Businesses and government agencies are girding for another crucial Y2K test today as financial markets reopen and many office computers are turned on for the first time in the new year.
After a second day of monitoring computer systems that have been operating through the rollover into 2000, officials said yesterday that they had found no significant problems because of the Y2K programming bug.
President Clinton's top Y2K adviser, John A. Koskinen, said officials "have no reports or indications there will be any significant problems" today, which he called "an important and significant day" for assessing the Y2K readiness of the business world. He cautioned, however, that there likely would be "small glitches."
Reports of minor problems continued to trickle into monitoring stations around the world. A computer at a video rental store in Colonie, N.Y., charged a customer $91,250 for returning a tape 100 years late, forcing owner to recalculate fees by hand, the Associated Press reported. Data-processing systems in Israel and medical equipment in Scandinavia also experienced minor problems. And in South Korea, 900 families near Seoul lost heat for several hours Saturday after a heating system in their apartment complex malfunctioned because of a Y2K error.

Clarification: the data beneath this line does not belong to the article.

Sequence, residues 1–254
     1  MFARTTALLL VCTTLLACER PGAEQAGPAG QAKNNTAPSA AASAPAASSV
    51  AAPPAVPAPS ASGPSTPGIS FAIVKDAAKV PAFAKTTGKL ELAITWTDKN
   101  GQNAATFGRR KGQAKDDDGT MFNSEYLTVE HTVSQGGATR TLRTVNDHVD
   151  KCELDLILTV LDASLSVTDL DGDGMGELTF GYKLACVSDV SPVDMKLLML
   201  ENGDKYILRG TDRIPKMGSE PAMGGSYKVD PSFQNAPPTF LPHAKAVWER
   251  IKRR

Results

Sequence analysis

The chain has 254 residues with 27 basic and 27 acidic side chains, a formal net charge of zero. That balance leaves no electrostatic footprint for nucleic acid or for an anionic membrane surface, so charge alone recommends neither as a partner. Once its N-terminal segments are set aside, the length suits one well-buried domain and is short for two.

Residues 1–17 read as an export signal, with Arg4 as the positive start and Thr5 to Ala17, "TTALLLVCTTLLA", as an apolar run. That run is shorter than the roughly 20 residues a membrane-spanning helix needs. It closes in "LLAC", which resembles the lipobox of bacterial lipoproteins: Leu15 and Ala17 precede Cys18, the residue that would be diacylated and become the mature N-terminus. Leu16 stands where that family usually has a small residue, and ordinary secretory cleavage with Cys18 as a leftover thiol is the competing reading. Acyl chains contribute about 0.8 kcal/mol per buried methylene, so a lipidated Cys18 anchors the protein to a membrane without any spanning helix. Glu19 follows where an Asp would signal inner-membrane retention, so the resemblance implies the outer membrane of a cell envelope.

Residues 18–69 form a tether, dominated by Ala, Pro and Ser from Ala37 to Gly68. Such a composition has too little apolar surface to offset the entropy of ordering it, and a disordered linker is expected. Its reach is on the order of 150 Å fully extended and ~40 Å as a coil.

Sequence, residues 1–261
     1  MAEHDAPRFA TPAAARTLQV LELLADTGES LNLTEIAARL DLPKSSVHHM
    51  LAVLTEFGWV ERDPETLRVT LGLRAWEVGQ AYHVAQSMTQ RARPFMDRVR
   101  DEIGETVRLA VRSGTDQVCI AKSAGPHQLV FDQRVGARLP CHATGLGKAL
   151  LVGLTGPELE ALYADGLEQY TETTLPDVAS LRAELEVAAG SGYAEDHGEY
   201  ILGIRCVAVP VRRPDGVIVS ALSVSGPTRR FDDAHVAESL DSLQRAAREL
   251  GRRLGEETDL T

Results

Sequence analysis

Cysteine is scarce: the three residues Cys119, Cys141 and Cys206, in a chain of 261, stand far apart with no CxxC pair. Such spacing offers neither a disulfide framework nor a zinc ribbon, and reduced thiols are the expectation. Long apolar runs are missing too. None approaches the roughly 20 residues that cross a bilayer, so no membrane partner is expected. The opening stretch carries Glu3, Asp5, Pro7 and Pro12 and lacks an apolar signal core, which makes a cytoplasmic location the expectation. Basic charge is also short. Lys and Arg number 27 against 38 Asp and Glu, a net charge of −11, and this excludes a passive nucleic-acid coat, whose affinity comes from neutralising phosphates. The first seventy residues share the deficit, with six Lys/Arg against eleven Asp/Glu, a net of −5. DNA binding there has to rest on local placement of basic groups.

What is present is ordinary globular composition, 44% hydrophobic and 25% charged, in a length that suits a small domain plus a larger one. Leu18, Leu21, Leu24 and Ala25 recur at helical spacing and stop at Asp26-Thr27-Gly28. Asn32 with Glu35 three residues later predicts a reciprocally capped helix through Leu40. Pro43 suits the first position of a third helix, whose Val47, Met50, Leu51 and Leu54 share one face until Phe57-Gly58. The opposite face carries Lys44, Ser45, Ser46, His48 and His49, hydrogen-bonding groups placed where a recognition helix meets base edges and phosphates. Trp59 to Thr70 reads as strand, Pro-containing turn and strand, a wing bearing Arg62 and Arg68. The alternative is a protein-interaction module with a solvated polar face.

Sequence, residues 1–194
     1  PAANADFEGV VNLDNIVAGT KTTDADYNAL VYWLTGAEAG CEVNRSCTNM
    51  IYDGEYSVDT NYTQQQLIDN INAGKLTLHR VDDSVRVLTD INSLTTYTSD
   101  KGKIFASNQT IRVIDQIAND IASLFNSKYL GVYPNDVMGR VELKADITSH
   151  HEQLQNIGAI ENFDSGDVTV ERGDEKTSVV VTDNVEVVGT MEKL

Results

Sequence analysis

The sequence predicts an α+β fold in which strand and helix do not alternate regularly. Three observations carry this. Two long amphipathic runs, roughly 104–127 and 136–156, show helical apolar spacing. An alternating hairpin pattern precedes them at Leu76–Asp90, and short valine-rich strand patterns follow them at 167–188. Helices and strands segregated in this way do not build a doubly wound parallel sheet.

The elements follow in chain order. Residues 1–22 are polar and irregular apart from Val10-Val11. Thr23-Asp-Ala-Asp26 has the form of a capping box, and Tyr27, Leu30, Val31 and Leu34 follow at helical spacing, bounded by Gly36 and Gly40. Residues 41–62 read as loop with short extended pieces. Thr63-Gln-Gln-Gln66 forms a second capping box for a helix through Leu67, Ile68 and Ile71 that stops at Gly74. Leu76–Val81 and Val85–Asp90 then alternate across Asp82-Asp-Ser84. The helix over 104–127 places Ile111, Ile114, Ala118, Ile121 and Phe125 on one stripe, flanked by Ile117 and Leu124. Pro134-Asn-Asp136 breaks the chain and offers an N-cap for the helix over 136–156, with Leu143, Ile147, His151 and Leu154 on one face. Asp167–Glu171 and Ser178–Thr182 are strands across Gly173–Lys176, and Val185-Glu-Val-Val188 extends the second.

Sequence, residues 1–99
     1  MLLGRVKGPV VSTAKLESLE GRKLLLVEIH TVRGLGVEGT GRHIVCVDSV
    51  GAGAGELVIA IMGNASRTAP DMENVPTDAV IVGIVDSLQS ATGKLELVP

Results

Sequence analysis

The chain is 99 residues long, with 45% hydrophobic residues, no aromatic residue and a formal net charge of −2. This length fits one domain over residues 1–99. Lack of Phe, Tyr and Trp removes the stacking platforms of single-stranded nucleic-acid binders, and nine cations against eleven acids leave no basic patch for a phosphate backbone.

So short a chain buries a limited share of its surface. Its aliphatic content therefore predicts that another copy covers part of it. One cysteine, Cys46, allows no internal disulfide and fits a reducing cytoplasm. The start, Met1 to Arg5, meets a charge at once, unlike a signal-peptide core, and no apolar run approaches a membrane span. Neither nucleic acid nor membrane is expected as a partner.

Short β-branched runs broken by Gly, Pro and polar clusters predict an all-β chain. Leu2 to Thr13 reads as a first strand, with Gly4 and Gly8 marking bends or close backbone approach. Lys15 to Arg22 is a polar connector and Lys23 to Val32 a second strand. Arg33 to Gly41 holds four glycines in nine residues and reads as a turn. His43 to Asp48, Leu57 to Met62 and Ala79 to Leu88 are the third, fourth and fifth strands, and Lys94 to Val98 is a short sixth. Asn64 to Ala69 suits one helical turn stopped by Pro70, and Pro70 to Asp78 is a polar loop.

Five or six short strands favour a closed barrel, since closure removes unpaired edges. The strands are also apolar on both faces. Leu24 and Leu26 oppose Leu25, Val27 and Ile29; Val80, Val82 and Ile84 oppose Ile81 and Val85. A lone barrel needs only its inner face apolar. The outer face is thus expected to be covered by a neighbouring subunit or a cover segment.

With so few Y2K problems encountered, several firms and government agencies decided yesterday to close or scale back monitoring operations. Montgomery County, for example, canceled plans to operate its "command center" today. Koskinen said the U.S. government probably would cease its 24-hour Y2K watch tomorrow.
Although major U.S. financial exchanges open today, the Chicago Mercantile Exchange and the Chicago Board of Trade began electronic trading last night without problems. Stock markets in Kuwait, Egypt, Singapore, Malaysia and Hong Kong also opened yesterday and reported no Y2K computer problems.